Often, grief can be extremely hard-hitting and derailing. Many people aren’t aware that it can be spurred by experiences other than death. This might include the departure of a significant relationship, being fired from a job, developing a terminal illness, or other traumatic events. Grief is a very complicated issue, often presenting itself in many ways, shapes, and forms. Yet, universally, grief also tends to follow a path: denial, anger, bargaining, depression, and acceptance. Even though these steps aren’t always experienced in order, nearly everyone in the world goes through them. These are the five stages of grief and what they entail.

Stage 1: Denial

For many people, their first reaction to a loss will be “there’s no way this is happening.” This reaction doesn’t occur because they’re ignoring or rejecting the situation. Instead, it’s a way to numb themselves from the overwhelming pain that comes with any significant loss. Often times, the immediate shock of grief can be too much for our minds to emotionally process. In order to avoid getting too overwhelmed, the brain defends itself against suffering by denying the loss altogether.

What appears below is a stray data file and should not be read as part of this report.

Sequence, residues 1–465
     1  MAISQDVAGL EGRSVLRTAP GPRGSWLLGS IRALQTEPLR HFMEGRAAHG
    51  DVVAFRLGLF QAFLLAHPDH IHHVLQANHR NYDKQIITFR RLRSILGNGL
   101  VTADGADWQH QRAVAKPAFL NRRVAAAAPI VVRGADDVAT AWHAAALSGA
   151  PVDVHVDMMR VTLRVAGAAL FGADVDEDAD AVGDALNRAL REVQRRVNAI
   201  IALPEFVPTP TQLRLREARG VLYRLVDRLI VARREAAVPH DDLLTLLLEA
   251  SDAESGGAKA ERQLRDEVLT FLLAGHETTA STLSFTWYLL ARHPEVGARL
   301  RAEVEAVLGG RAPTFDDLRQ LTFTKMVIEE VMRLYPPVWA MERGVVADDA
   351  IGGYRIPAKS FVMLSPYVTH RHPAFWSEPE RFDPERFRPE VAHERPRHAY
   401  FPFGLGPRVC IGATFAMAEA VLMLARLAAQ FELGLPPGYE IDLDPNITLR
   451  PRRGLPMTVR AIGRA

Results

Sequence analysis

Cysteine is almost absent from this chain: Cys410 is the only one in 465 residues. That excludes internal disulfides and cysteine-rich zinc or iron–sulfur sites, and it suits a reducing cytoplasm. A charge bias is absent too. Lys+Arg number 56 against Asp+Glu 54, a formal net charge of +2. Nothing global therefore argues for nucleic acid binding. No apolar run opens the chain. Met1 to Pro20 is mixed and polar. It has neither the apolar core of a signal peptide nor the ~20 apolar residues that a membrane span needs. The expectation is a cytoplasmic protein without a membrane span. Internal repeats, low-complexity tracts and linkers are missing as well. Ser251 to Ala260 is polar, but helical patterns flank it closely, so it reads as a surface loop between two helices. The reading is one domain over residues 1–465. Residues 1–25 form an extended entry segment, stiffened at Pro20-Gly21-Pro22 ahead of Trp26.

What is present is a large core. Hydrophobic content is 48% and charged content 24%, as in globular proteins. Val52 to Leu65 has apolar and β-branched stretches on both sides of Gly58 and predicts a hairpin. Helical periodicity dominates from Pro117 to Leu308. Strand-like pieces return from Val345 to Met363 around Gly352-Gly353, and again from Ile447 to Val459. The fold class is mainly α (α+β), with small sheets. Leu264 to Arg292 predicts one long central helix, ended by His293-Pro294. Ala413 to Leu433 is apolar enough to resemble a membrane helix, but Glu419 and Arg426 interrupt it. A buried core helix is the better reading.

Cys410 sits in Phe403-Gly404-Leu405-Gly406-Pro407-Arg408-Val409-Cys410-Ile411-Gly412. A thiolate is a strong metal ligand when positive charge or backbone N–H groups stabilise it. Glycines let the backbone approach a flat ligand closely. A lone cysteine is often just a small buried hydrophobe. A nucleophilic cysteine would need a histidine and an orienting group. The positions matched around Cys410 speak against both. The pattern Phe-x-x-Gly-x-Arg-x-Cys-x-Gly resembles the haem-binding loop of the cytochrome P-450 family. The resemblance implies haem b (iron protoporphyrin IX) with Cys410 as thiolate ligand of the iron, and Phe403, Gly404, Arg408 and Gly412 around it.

However, denial doesn’t last forever. It’s often a way to transition into recognizing the loss without shocking your emotional core. In fact, a bit of denial can be healthy in the period following major losses. Sometimes, it provides space to take a breather from the overwhelming trauma of your losses until you’re ready to face them.

Still, you can’t linger in denial forever. It becomes unhealthy when you refuse to confront your losses in the long term and deny your true emotions. But don’t be afraid of initial denial and the numbness it brings. It’s perfectly normal. For many, it can help soften the most painful losses life has to offer. Along with this, it can ensure that you’re able to prepare to constructively transition into the next stages of grief.

Stage 2: Anger

When you lose someone or something significant, life can suddenly seem extremely unfair and twisted. This can drudge up intense feelings of rage, anger, and fury. You might find yourself wondering: Why did I deserve that loss? How could someone/something dare to leave me? This might lead to outbursts of anger, internalized rage, and frustration towards yourself or the person/thing you lost.

This fury isn’t unprompted. In fact, it can be another buffer stage after denial. Anger similarly helps to deflect the deeper feelings of sorrow you’re not yet ready to face. Still, you’ll likely begin to experience a wider array of emotions and thoughts during this stage. You may feel irritable and angry, but you also might question the purpose of your life, your faith, and your relationships.